View Full Version : Has anyone used an algae scrubber in a planted FW tank?
08-28-2010, 12:51 PM
While I have some plants and years ago have had a heavily planted tank I am curious what anyone else experiences have been?
A cool link for FW planted tanks.
Long time Takashi Amano fan.
08-28-2010, 04:15 PM
Some have, but if you have enough plants you should not have an algae problem. If your scrubber is too strong, your plant won't live. It is a balance.
Could not get the youtube to play... youtube and me don't get along.
08-28-2010, 04:59 PM
Thanks for the reply.
Wondering instead of using CO2,from a pressurized tank, to stimulate growth could using a scrubber, which has the lights on opposite the tank lights produce enough CO2 to affectively stimulate growth? Might also provide a quick/backup way to remove nutrient spikes.
I have heard of people using duckweed as way to identify or catch unexpected spikes in nutrient levels i.e. it is useful because it can grow so fast.
The youtube link works on my end ?????
If you're still interested search for error31001 on youtube and it's under Takashi Amano.
08-28-2010, 05:41 PM
Algae takes up far more CO2 than it lets out, so it would not work to provide any to the plants.
08-29-2010, 10:23 AM
A planted tank is essentially a plant scrubber. Before going reef I always had freshwater tanks. Mine were really indoor ponds. Enough plants as stated, algae has nothing to use to grow. My last few tanks were also stagnant. Amano would have snickered at mine or at least tell me to take the next step. Or not. I'm sure he appreciates even the most basic of aquaria as long as it is healthy.
08-30-2010, 04:05 PM
A planted tank is essentially a plant scrubber.
So how could a algae scrubber still be useful?
Some thoughts that I am having and implementing.
I am using pots that have a large amount of nutrients/"soil" in them with plants (swords right now) that are mainly root feeders.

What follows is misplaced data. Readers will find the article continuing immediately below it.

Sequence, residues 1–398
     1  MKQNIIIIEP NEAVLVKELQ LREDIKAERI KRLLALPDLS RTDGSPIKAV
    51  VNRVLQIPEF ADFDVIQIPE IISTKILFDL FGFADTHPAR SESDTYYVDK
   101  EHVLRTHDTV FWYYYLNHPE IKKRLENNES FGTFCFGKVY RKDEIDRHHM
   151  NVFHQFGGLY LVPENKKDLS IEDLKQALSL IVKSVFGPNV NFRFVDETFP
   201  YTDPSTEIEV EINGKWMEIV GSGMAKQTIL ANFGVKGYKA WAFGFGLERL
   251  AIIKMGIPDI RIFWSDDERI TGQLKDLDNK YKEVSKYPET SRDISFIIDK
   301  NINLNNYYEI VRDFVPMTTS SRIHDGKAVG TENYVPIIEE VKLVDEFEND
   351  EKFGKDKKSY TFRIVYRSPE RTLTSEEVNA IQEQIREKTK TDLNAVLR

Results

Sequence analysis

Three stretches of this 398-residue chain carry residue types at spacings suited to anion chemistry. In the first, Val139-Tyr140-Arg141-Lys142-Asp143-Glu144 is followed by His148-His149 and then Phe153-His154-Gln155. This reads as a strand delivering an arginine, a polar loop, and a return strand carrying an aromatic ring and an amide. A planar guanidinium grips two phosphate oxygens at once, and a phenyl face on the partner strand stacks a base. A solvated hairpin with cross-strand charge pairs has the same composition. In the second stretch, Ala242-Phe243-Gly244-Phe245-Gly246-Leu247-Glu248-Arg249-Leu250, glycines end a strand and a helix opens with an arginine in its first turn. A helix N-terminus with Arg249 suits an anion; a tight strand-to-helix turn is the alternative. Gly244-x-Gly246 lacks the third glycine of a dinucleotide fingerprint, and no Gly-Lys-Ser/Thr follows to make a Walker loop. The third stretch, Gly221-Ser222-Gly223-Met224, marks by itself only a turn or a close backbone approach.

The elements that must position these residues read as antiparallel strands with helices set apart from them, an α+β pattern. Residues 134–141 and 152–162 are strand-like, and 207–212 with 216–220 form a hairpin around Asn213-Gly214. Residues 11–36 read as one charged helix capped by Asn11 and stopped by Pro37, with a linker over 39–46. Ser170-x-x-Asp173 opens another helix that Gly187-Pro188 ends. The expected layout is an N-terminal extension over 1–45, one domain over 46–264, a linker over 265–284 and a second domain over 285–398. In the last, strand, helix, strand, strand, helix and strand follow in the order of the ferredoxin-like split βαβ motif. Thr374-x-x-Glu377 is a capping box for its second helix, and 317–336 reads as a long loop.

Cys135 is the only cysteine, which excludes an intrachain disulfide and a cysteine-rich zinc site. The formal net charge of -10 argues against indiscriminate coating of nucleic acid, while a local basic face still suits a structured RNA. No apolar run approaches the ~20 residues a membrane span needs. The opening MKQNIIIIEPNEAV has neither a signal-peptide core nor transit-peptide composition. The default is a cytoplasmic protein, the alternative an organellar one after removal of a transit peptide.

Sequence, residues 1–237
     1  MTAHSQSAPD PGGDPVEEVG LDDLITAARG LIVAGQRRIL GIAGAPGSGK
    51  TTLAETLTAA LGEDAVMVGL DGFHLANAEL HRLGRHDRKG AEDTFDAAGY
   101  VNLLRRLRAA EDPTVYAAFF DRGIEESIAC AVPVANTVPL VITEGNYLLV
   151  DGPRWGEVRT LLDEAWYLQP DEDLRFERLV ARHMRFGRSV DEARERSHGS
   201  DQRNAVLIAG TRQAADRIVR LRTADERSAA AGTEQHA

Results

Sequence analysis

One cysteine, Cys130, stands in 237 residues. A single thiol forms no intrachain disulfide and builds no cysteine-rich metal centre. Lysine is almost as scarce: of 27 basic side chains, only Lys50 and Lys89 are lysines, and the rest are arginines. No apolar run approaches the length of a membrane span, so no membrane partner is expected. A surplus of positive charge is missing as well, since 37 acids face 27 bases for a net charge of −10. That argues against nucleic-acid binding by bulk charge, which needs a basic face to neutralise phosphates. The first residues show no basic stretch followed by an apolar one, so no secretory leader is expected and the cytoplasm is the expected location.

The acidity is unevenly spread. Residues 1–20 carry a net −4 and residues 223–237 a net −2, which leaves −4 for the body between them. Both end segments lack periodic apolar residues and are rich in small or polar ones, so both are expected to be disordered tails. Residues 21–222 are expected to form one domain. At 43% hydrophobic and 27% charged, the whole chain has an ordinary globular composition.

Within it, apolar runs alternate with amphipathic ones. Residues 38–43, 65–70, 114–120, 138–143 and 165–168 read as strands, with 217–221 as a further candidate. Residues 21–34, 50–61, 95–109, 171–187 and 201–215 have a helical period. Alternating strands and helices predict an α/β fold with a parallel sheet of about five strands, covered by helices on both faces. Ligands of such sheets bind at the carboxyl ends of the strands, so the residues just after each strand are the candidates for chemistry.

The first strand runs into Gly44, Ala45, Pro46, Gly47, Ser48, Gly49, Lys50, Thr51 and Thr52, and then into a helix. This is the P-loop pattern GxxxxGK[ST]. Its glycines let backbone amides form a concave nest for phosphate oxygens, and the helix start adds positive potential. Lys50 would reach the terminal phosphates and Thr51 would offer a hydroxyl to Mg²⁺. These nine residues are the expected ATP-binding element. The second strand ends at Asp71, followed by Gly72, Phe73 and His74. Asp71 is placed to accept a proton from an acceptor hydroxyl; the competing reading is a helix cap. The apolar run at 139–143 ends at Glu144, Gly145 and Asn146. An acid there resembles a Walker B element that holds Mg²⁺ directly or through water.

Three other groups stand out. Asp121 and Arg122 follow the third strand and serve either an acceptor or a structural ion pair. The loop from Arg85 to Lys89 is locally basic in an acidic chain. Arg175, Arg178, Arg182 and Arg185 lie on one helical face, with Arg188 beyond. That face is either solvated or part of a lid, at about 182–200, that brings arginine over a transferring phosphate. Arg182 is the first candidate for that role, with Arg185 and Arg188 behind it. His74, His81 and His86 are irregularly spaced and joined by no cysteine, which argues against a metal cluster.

With the scrubber still hooked up there is a way for any of the nutrients that "leak" into the water to be consumed.
This pots are actually layered with the riches layers at the bottom.
The pot method is nice because you don't need to spend so much on the whole bottom of the tank.
And the maintenance is easier with only a thin layer of gravel for most of the bottom.
Thoughts and/or comments?
I can't see it being a good application or necessary unless in koi tank or something like that.
I have always used a healthy amount of java moss that can grow in or out of water is tend to be a phosphate sponge to keep tank in line. I never did as well without it.
Really all that is needed for planted tank is CO2 and pH regulator and a little water movement. Dosing KNO3, rarely spiking NaHPO4, KCL and iron is necessary. Advanced palnt keepers can look at plants and tell what is lacking. I would recommend deeper fine gravel not pots.
My experience is it would build up and up till it looked great and only last 4 weeks till it got over run aesthetically. too me reef keeping is easier in many ways as progression of tank is 5 years not 8 weeks to 4 months.
Powered by vBulletin® Version 4.1.9 Copyright © 2013 vBulletin Solutions, Inc. All rights reserved.